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On the Ones and Twos

Being a professional DJ is all Lonnie B’s ever wanted to do.


Lonnie says it’s the largest hip-hop collection in town. The records, collected over a decade fill the entire 20-foot wall opposite the front door, resting neatly alphabetized in encased rows. Those filed after the letter “s” fill another bedroom-sized room and a hall closet. There are enough records to open a store.

In January, Lonnie was inducted into The Heavyhitters, one of a handful of exclusive DJ fraternities with an invitation-only membership founded by New York’s famous DJ Enuff from WQHT-FM Hot 97, the most popular hip-hop outlet in New York. Lonnie also is a member of SupaFriendz, a Wu-Tanglike clan of Richmond hip-hop artists — MCs, DJs and producers — many he’s known since childhood.

Outside his own circle, he supports other area hip-hop and R&B musicians by putting their music on the radio during another weekly DJ slot on Power 92 Sundays from 9 p.m. to 10 p.m. called Straight from the Streets. He recently started a promotion company called NVA, for “In Virginia,” and dreams of opening a music library where people can burn songs from his records onto CDs. Lonnie posts all this information on his Web site,, which lets visitors mix beats like a DJ.

At 28, Lonnie is of the generation that came up with hip-hop. He is an ’80s child who heard the early sounds of MCs like Kurtis Blow and Whodini and DJs like Grandmaster Flash. Hip-hop broke into the mainstream around the time he got to high school and Lonnie followed the new music by buying as many records as he could afford from local music stores like Willies.

In high school, Lonnie and some friends broke into a rec center as a mindless prank, doing some minor damage and nabbing some snacks. He was caught, and the center’s manager, a parks-and-recreation employee named Alex Irby, arranged for Lonnie to DJ dances at the center as community service. It was his first break as a DJ.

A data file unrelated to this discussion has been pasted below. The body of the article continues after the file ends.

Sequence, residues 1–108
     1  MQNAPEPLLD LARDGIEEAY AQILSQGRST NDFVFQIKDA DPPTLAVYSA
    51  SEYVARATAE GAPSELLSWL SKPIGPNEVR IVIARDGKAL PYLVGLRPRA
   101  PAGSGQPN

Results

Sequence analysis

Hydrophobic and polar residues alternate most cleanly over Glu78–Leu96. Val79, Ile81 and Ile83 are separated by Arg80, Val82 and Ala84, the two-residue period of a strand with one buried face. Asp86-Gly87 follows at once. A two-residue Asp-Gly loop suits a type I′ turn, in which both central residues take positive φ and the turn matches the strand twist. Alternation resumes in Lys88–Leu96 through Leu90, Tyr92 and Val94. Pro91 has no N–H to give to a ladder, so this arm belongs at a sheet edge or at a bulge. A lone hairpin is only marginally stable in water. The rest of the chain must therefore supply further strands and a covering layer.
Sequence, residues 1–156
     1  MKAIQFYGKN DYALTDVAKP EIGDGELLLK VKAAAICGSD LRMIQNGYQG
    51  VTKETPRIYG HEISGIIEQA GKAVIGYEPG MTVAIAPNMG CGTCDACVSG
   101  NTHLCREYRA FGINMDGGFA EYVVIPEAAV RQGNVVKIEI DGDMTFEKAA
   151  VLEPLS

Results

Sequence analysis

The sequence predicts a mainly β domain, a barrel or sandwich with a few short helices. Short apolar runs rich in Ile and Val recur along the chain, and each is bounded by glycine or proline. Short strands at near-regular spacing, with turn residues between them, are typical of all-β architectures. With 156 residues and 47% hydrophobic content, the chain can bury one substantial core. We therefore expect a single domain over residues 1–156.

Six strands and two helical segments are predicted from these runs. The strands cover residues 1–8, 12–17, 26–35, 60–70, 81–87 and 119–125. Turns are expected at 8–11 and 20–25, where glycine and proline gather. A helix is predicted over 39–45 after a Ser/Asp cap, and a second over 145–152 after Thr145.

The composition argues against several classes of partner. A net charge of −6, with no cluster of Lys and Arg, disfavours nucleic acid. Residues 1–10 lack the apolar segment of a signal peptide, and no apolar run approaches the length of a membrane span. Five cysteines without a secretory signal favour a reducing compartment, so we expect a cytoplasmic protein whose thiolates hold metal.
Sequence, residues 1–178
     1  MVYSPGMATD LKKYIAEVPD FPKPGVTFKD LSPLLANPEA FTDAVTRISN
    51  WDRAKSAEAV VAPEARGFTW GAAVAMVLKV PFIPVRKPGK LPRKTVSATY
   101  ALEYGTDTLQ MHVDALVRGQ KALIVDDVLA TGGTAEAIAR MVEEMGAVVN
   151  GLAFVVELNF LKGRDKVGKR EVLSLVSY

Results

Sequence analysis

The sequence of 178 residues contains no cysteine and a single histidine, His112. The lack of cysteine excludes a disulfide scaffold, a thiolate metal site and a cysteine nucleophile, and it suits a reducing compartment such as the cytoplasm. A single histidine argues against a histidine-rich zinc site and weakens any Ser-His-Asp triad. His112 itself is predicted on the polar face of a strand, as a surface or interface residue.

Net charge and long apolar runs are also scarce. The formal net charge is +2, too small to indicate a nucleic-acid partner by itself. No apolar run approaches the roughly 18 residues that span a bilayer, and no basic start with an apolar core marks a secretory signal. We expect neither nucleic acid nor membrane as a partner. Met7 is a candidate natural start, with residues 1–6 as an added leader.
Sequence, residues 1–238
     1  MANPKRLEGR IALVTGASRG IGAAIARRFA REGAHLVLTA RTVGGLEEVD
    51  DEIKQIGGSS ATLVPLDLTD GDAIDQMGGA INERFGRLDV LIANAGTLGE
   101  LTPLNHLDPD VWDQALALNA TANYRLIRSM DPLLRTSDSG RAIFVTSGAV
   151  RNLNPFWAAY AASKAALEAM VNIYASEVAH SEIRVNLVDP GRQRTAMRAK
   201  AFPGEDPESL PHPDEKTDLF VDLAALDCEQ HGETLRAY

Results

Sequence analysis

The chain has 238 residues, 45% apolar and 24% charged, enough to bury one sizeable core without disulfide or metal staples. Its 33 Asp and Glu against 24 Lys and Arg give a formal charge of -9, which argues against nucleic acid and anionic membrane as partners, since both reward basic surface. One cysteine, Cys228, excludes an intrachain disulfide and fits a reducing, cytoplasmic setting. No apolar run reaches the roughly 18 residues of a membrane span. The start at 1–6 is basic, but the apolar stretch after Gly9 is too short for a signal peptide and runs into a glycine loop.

Lonnie did not go to college after graduation. By the numbers, his mother was considered too well-off to receive financial aid, even though she could not afford tuition. Deborah Battle promised her son that if he sat out from school she would buy him his first set of professional turntables, which she did, though Lonnie later realized, “It turned out she really didn’t have the money,” and had to miss a house payment to do it.

Lonnie says his mother’s sacrifice “paid off a hundred — a thousand times.” He admits to only one higher calling than being a DJ: being a father to his 6-year-old daughter. Like most people who make a living doing what they love, Lonnie has an aura of easygoing confidence, of satisfaction, especially when he’s showing you his stuff.

At his studio in a Fan row house above a Main Street beauty salon, he points to his new Pioneer CDJ-1000. About the size of a horizontal hard drive, the black box has a moveable disc that allows turntablists to scratch CDs just like vinyl. Even with the new contraption, Lonnie says, “I’ll probably never stop buying vinyl.”

His long and narrow studio is reminiscent of a cluttered dorm room without beds. A poseable Snoop Dogg figure and a Talking Master P doll sit near the door. There are crates full of records. There are overflowing piles next to the turntables, slouching stacks propped up against the walls, records and record sleeves strewn in all directions. Stand around long enough and you’ll swear they are multiplying.

Lonnie usually comes here every day after his gig at the radio, to organize his records, practice sets and make mix CDs to sell. “My mom still calls it playing with my records,” he says, smiling and clearly aware of the understatement. “This is all I do.” S

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